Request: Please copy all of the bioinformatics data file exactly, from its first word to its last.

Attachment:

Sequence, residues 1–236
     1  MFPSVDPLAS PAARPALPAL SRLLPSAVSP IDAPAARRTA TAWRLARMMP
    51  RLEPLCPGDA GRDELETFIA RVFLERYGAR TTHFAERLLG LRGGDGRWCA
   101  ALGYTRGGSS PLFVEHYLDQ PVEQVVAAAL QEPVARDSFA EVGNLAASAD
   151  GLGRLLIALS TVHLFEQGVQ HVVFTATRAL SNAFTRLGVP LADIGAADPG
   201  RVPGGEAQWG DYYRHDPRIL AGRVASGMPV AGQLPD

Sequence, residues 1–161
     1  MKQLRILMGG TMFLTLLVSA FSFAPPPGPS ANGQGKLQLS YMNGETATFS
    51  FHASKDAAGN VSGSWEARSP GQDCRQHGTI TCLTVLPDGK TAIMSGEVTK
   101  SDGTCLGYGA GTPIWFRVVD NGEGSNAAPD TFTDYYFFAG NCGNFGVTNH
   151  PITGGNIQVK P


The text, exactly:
Sequence, residues 1–236
     1  MFPSVDPLAS PAARPALPAL SRLLPSAVSP IDAPAARRTA TAWRLARMMP
    51  RLEPLCPGDA GRDELETFIA RVFLERYGAR TTHFAERLLG LRGGDGRWCA
   101  ALGYTRGGSS PLFVEHYLDQ PVEQVVAAAL QEPVARDSFA EVGNLAASAD
   151  GLGRLLIALS TVHLFEQGVQ HVVFTATRAL SNAFTRLGVP LADIGAADPG
   201  RVPGGEAQWG DYYRHDPRIL AGRVASGMPV AGQLPD

Sequence, residues 1–161
     1  MKQLRILMGG TMFLTLLVSA FSFAPPPGPS ANGQGKLQLS YMNGETATFS
    51  FHASKDAAGN VSGSWEARSP GQDCRQHGTI TCLTVLPDGK TAIMSGEVTK
   101  SDGTCLGYGA GTPIWFRVVD NGEGSNAAPD TFTDYYFFAG NCGNFGVTNH
   151  PITGGNIQVK P